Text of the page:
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(X,Y) is a two-dimensional abolute continuous random vector with the density function fx,y given by:

(1) $f_{X,Y}(x,y) = \begin{cases} \frac{1}{2} & 0 \le x \le 1, 0 \le y \le 4x \\ 0 & \text{otherwise} \\ \end{cases}$

Show the density functions fx and fy for X and Y are:

$f_{X}(x) = \begin{cases} 2x & 0 \le x \le 1\\ 0 & \text{otherwise} \\ \end{cases}$

$f_{Y}(y) = \begin{cases} \frac{1}{2}(1-\frac{y}{4}) & 0 \le y \le 4\\ 0 & \text{otherwise} \\ \end{cases}$

I'm having a hard time figuring out how this works, i have been looking for a while for some similar problems without any luck. I can make the step with $$ f_{X}(x) =\int_{0}^{4x} {\frac{1}{2} dy} = 2x$$ But $f_{Y}$ i can't figure out and makes me wonder if the first one is done correctly.

Another example i can't solve is:

(2) $f_{X,Y}(x,y) = \begin{cases} \frac{3}{4}x & 0 \le x \le y \le 2\\ 0 & \text{otherwise} \\ \end{cases}$

$f_{X}(x) = \begin{cases} \frac{3}{4}x(2-x) & 0 \le x \le 2\\ 0 & \text{otherwise} \\ \end{cases}$

$f_{Y}(y) = \begin{cases} \frac{3}{8}y^2 & 0 \le y \le 2\\ 0 & \text{otherwise} \\ \end{cases}$

From what i gathered i should be able to solve it with $\int{f_{X,Y}(x,y)dx}$, but can't seem to do it right. Any help is appreciated.

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up vote 2 down vote accepted

We will use the geometry. Where does our density function live? Since $x$ ranges from $0$ to $1$, it follows that $y$ ranges from $0$ to $4$. But we always have $y\le 4x$.

Draw the rectangle with corners $(0,0)$, $(1,0)$, $(1.4)$ and $(4,0)$, The joint density lives in the part of the rectangle below the line $y=4x$. Draw that line. So our joint density function lives on or in the triangle with corners $(0,0)$, $(1,0)$, and $(4,1)$.

To find the density function of $Y$, we must "integrate out" $x$. We are integrating "horizontally." Note that $x$ starts at $x=\frac{y}{4}$. This is because our triangle starts at $y=4x$. Note also that the triangle ends at $x=1$. So we want $$\int_{x=y/4}^1\frac{1}{2}\,dx.$$ The integration is exceptionally easy!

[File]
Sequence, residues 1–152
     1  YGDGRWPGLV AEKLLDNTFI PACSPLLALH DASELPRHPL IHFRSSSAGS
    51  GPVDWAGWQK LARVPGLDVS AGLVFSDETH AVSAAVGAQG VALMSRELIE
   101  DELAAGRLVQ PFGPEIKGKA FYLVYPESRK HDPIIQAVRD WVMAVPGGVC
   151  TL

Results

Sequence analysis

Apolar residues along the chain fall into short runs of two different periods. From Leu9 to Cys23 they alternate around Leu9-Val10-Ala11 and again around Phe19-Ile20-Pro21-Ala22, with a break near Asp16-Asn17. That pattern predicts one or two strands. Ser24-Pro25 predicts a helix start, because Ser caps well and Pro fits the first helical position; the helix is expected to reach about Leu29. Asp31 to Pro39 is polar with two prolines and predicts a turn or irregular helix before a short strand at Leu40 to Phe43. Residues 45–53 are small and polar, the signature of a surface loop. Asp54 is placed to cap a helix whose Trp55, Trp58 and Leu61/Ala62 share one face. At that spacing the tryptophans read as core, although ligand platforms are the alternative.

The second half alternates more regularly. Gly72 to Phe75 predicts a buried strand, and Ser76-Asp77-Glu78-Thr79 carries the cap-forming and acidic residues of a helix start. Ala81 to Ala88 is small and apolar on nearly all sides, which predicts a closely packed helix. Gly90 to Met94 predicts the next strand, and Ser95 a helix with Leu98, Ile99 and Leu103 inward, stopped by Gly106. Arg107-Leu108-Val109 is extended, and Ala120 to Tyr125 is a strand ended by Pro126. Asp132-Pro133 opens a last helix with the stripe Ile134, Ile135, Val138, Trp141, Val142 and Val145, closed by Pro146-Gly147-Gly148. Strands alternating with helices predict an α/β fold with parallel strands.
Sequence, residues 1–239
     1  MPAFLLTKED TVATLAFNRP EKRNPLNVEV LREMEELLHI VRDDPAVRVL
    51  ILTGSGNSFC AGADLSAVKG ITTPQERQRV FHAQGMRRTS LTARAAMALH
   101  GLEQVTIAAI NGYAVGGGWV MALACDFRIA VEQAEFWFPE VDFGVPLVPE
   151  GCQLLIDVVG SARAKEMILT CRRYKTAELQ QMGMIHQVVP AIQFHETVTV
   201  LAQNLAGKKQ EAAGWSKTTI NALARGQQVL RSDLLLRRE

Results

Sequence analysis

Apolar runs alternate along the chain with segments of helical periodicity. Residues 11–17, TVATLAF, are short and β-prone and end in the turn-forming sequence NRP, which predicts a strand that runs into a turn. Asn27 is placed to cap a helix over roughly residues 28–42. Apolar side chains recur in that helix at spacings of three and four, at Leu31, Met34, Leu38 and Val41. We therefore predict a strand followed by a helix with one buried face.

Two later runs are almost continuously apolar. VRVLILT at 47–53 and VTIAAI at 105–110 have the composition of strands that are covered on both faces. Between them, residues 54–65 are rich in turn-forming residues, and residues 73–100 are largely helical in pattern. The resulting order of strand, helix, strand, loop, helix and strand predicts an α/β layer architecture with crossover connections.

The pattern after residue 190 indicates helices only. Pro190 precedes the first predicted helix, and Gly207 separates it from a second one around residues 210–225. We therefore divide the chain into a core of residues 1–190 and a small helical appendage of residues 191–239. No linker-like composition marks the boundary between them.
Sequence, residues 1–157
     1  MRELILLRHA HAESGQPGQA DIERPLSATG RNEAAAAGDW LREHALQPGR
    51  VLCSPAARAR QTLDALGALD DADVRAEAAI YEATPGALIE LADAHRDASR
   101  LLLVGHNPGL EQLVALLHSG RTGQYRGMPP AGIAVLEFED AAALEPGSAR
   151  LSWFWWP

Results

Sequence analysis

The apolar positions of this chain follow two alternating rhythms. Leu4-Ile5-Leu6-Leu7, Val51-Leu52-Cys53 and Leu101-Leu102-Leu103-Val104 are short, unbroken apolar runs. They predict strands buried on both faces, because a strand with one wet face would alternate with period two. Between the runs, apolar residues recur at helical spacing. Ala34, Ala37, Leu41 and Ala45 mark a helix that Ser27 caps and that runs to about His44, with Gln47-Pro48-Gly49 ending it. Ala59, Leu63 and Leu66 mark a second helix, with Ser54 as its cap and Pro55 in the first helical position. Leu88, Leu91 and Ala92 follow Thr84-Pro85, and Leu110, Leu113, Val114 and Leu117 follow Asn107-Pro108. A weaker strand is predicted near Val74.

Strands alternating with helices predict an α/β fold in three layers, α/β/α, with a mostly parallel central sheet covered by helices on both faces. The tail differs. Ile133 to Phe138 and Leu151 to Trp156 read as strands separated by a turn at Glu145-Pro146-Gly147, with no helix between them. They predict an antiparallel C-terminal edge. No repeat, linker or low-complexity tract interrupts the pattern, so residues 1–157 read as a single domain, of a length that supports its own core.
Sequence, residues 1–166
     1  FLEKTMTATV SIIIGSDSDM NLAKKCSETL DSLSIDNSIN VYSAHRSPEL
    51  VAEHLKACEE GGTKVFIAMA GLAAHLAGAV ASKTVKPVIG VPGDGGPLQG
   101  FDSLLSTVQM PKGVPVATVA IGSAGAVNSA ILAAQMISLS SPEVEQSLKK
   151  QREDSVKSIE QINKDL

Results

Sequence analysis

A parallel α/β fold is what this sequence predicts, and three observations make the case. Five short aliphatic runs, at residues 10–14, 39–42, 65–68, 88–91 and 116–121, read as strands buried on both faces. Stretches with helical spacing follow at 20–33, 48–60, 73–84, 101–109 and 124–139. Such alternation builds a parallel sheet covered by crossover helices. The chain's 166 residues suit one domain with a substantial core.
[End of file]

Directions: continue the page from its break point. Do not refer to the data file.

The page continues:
The same technique ("integrate out $y$") will give you $f_X(x)$.

Remark: The problem you mention at the end yields to basically the same technique. Draw a picture. When we integrate out $y$ (or $x$) the picture will give you the limits of integration.

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What you did for $f_{X}$ is OK ! For $f_{Y}$, if you just write $f_{Y}(y) = \int_{0}^{1} \frac{1}{2} \: dx$, you're missing that the condition on $y$ (which is $0 \leq y \leq 4x$) also depends on $x$.

To do this right, use indicator functions. $f_{(X,Y)}$ can be re-written as follows :

$$ f_{(X,Y)}(x,y) = \frac{1}{2} \textbf{1}_{\lbrace 0 \leq x \leq 1 \, ; \, 0 \leq y \leq 4x \rbrace} $$

Which also writes :

$$ f_{(X,Y)}(x,y) = \frac{1}{2} \textbf{1}_{\lbrace 0 \leq x \leq 1 \, ; \, 0 \leq \frac{y}{4} \leq x \rbrace} $$

So, we have :

$$ f_{(X,Y)}(x,y) = \frac{1}{2} \textbf{1}_{\lbrace \frac{y}{4} \leq x \leq 1 \rbrace} $$

Now, let's use our favourite formula : $f_{Y}(y) = \int f_{(X,Y)}(x,y) \: dx$. It leads to the expected result :

$$ f_{Y}(y) = \begin{cases} \frac{1}{2} \left( 1 - \frac{y}{4} \right) & \text{if } 0 \leq y \leq 4 \\ 0 & \text{otherwise} \\ \end{cases} $$

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The example you worked out for $f_X(x)$ is correct, and shows the general strategy for these kinds of computations. To compute $f_X(x)$, you fix the value $x$ and then ``marginalize'' the integral $\int f_{X,Y}(x,y)$ by writing the integral of $f_{X,Y}$ over the region of $y$ you get (in terms of $x$) when you fix $x$. Similarly vice-versa for computing $f_Y(y)$. The tricky part sometimes is figuring out what the region of integration for $y$ should be when you fix $x$, or vice-versa. For example, to get the $f_Y(y)$ in your first example, you use the given inequalities to figure out that the region of integration for $x$ is $y/4 \leq x \leq 1$. So you have

$$f_Y(y) = \int_{y/4}^1 1/2 dx = (1 - y/4)/2$$

in the valid range for $y$ (between $0$ and $4$) and the density is 0 elsewhere.

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